Jeffrey Epstein may be in more trouble than we thought

It is a sad commentary on the state of the justice system and the presidency in the US today that immediately after the news broke that on Saturday the FBI had arrested convicted sex offender Jeffrey Epstein at the airport his arrival back in the US on his private plane, the question that was widely asked was whether he would again use his connections to get off with a slap on the wrist, like he did the first time. After all, Alexander Acosta who was the US attorney who arranged that sweetheart deal is now secretary of labor. Donald Trump has spoken warmly of his friend Epstein and of his fondness for especially young women. So the question was whether Attorney General William Barr who is the ultimate boss the US Attorney’s office in the Southern District of New York (SDNY) that brought the indictments would quash the investigation or Trump would pardon him. You can read a live blog of his arraignment that was held today.

Here is a video of the prosecutor outlining the two sex trafficking charges.

The Miami Herald has been all over this story and was mainly responsible for highlighting the sweetheart deal he got earlier and that resulted in an appeals court last week ordering the unsealing of 2,000 pages of sealed records from a related case and that will be released shortly. They have a report on his latest arrest and the FBI breaking into his New York home with a search warrant.

Jeffrey Epstein spent a second night in a New York jail cell Sunday, with a federal indictment expected to be unsealed Monday, charging him with sex offenses involving underage girls he and others allegedly trafficked in New York and Florida, sources have told the Miami Herald.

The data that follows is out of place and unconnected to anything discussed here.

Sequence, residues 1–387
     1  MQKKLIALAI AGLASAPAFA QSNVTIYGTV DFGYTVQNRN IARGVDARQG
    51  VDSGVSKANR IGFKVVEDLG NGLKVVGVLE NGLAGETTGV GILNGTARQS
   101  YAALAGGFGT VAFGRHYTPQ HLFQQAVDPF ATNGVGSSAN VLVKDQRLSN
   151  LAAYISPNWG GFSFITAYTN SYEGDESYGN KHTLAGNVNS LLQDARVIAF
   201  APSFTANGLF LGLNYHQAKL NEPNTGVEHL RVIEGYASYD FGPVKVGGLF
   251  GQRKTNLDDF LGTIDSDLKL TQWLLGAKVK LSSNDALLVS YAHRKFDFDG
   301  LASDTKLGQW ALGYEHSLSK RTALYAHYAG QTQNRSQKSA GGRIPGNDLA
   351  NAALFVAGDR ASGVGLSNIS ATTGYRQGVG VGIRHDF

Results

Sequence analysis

His Saturday arrest capped months of investigating, led by federal agents and prosecutors with the Southern District of New York’s Public Corruption Unit, assisted by investigators with the sex trafficking division. Although details of the case remain undisclosed, there are indications that others involved in his crimes could be charged or named as cooperating witnesses.

Epstein, 66, was arrested at Teterboro Airport in New Jersey shortly before 4 p.m. Saturday, as he arrived on his private jet from Paris, where he had been vacationing since June 14, aviation records show. About an hour after they picked him up, federal agents arrived at his imposing Manhattan townhouse, breaking down the door to execute search warrants.

The fact that search warrants were issued shows that federal investigators have new evidence against Epstein beyond the sex cases he was given federal immunity for in Florida in 2008,legal experts told the Miami Herald.

“They can’t take information from a case in 2002 or 2005 to get a search warrant today; there had to have been something for probable cause that contains evidence of a crime found now, so I’m interested in what that evidence is,’’ said Francey Hakes, a former federal prosecutor who once oversaw the Justice Department’s child exploitation crimes division.

They also have a video about the key people involved.

One intriguing but unanswered question is why the Public Corruption Unit was involved. It could be because political figures are involved.